A pet peeve (or pet hate) is a minor annoyance that an individual identifies as particularly annoying to him or her, to a greater degree than others may find it. – Wikipedia.
I’m going to start this blog with a very brief botany/beverage lesson.
Tea is the product of processing leaves from the Camellia sinensis plant using a variety of methods, and then pouring hot or boiling water over it. The oil from the processed leaves then incorporates into the water and creates an aromatic and slightly bitter beverage. There are several methods of processing the leaves, which produces several varieties, such as white, yellow, green, oolong, and the most common, black tea. Other teas, such as “herbal” teas, are not really teas at all, since there is no presence of Camellia sinensis. Tea can be served in a variety of ways, the most popular in the United States being “Iced” tea.
This is where my gripe begins…
I have, on numerous occasions, enjoyed a nice dinner out with my family. And by family, I mean the whole gang, Mom, Dad, sister, brother-in-law, wife, kids, dogs, etc. My family usually takes up that big round table in the corner of a restaurant. You know, the empty one that you always stare at when you’re waiting for your two person booth for an hour. I always feel sorry for the waitress who gets to serve us, since we are such a “boisterous” lot.
The first request is our drink choice, which varies among my family members. We order root beer for the kids, some form of raspberry tea for Mom and sis, and Coke for the rest, except me. I usually order an iced tea.
Using the definition above, I expect that if I order an “iced tea”, that I would receive a water based beverage that has been run over crushed, dried Camellia sinensis leaves, and served over ice. However, this is almost never the case. I almost always have to predicate my order with “…and no lemon please.” I understand that it is common to garnish iced tea with a wedge of lemon, but I personally do not have a taste for lemon in my tea. It’s easy enough to remove the lemon if it’s dangling from the edge of the glass, but please don’t submerge it into my tea, letting loose all of its pulpy invaders and inevitable seed plugs for my straw. Plus, I can only imagine the journey that lemon went through prior to tainting my drink. I always picture a greasy fat man in the back of the kitchen, picking a lemon off the floor from behind the garbage can, wiping his nose from the crook of his elbow to the tip of his index finger, and then cutting a wedge with a rusty knife and tossing it in my tea. I know, that seems awfully extreme, but I’ve heard stories, and it’s better to be safe than sorry.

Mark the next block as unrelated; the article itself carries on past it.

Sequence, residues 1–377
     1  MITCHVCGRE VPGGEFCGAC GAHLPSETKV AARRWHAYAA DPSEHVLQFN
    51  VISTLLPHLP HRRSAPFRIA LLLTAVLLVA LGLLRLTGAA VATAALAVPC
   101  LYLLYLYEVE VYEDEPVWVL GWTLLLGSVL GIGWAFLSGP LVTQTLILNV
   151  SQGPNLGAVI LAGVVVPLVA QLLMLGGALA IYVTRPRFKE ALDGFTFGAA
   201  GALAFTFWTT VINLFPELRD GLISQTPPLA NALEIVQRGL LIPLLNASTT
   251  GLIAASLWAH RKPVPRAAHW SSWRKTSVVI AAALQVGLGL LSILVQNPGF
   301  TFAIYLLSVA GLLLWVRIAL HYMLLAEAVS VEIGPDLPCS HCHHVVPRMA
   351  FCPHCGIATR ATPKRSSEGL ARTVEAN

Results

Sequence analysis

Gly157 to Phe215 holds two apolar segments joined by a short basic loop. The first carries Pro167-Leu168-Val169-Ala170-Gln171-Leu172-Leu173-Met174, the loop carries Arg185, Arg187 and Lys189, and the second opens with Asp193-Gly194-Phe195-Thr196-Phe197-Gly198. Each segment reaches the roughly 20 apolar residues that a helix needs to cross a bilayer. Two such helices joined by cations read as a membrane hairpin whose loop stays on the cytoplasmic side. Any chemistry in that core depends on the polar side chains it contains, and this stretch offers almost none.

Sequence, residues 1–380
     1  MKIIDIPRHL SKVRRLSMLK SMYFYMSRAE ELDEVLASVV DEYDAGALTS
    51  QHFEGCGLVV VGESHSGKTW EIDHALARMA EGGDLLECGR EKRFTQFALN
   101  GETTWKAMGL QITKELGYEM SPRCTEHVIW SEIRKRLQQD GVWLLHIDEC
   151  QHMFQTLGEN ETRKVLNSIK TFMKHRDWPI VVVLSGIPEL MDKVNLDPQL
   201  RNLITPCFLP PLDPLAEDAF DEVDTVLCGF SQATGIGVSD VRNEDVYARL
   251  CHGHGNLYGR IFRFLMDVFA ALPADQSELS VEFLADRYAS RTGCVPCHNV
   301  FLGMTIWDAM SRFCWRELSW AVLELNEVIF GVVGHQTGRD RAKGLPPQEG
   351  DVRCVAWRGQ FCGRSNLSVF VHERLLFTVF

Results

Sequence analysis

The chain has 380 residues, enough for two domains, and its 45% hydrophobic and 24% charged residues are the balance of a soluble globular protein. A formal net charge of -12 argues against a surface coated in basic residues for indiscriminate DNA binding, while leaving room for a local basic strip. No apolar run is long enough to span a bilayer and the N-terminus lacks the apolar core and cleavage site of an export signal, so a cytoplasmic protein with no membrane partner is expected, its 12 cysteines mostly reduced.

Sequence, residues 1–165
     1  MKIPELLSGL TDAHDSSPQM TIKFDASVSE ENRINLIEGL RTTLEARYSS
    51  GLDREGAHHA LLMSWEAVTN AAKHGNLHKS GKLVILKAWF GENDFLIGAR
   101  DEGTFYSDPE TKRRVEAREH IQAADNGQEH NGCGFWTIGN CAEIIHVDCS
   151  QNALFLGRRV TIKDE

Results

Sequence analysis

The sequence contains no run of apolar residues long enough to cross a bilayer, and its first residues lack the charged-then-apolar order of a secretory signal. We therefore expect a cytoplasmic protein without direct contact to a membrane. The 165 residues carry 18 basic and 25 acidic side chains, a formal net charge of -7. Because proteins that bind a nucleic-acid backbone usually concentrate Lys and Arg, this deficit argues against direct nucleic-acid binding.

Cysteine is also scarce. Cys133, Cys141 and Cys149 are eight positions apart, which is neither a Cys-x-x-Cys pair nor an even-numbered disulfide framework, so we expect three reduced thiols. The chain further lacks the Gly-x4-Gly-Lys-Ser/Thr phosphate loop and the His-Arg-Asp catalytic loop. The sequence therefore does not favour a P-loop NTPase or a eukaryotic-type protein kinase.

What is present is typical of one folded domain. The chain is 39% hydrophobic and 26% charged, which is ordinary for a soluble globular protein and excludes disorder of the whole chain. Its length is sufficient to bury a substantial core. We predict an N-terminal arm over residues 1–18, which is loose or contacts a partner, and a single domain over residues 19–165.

So the drinks finally come out and I take a long draw from my straw...
“Excuse me, waitress?”
“Yes sir. What do you need?”
“Umm… why does my iced tea taste like Kool-Aid?”
“What do you mean?”
“My tea tastes sweet. It’s not supposed to be sweet, it’s iced tea.”
“Oh, well you didn’t specify ‘unsweet’, so I brought you ‘sweet’ tea.”
“Why would you do that? Why do I have to specify ‘unsweet’?”
Someone please explain this to me. There seems to be a growing trend of “sweet” tea taking over as the norm. I am fully aware that in the southern states, it is much more common for people to order sweet tea. I’ve been to the south, and they always ask you “sweet or unsweet?” There is no assumption, and there shouldn’t be one. If OHIO wants to start including itself in the southern states, then at the very least, they should ASK me if I want sweet or unsweet.
And what exactly does “unsweet” mean? Why would you use such an absurd adjective to denote a style of beverage? How many blank stares would I get if I ordered an “unsalty” iced tea. It seems like asking for an unsalty iced would be an equally correct description of what I desire. “Unbitter” iced tea would be ridiculous since tea is always bitter in its natural state. It SHOULD be denoted as “tea” or “sweet tea”. If you order "sweet tea", you get sweet tea; if you order "tea", you get tea with nothing in it.
Imagine for a moment if other areas of our food had the same problem.
“Waitress! There is cinnamon all over my apple sauce.”
“Oh, I’m sorry. You didn’t say you wanted ‘uncinnamon’.”
“...and what the hell is all over my fries?”
“That’s poutine. Did you want your fries ‘unpoutine’?”
(Poutine is a Canadian dish consisting of French fries covered with cheese curds and brown gravy.)
Like I said before, I have no problem taking a wedge of lemon off the side of my glass, but it is physically impossible to undiffuse sugar from my iced tea. I would at least like the courtesy of being asked instead of them assuming that if I order tea, that I want it sweet.
The other thing that grind my gears is when my iced tea comes out and there is NO ICE. That means one of two things, either the waitress is an idiot and didn’t put enough ice in my glass, or she let it sit for 10 minutes before bringing it out to me. Both means that you suck as a waitress.
I don’t want people to think that I am some sort of over picky ass who waitresses loathe to get. It’s not like I have ridiculous requests like ordering liver & onions and telling them to hold the onions. It’s not like I am ordering a three bean chili, but I only want two of the three beans. It’s not like I’m ordering a bowl of vegetable soup without the carrots or celery. I am asking for something very simple. Get some tea leaves, pour hot water over it, dump it into a glass full of ice, and DON”T PUT ANY SUGAR IN IT!
Now I'm thirsty.